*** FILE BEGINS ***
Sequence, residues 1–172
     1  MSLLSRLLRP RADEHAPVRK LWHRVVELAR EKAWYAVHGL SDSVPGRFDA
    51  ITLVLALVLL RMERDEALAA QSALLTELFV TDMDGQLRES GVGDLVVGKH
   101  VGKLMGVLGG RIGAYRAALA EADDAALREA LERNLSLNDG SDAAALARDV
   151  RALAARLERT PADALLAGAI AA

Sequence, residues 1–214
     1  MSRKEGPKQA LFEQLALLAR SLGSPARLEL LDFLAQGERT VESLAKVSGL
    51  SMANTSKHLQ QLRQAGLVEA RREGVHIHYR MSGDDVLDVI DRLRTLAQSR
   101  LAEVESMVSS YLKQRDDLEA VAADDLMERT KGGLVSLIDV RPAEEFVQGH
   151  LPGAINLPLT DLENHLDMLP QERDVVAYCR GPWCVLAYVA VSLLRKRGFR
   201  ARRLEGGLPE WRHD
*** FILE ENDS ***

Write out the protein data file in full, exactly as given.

Sequence, residues 1–172
     1  MSLLSRLLRP RADEHAPVRK LWHRVVELAR EKAWYAVHGL SDSVPGRFDA
    51  ITLVLALVLL RMERDEALAA QSALLTELFV TDMDGQLRES GVGDLVVGKH
   101  VGKLMGVLGG RIGAYRAALA EADDAALREA LERNLSLNDG SDAAALARDV
   151  RALAARLERT PADALLAGAI AA

Sequence, residues 1–214
     1  MSRKEGPKQA LFEQLALLAR SLGSPARLEL LDFLAQGERT VESLAKVSGL
    51  SMANTSKHLQ QLRQAGLVEA RREGVHIHYR MSGDDVLDVI DRLRTLAQSR
   101  LAEVESMVSS YLKQRDDLEA VAADDLMERT KGGLVSLIDV RPAEEFVQGH
   151  LPGAINLPLT DLENHLDMLP QERDVVAYCR GPWCVLAYVA VSLLRKRGFR
   201  ARRLEGGLPE WRHD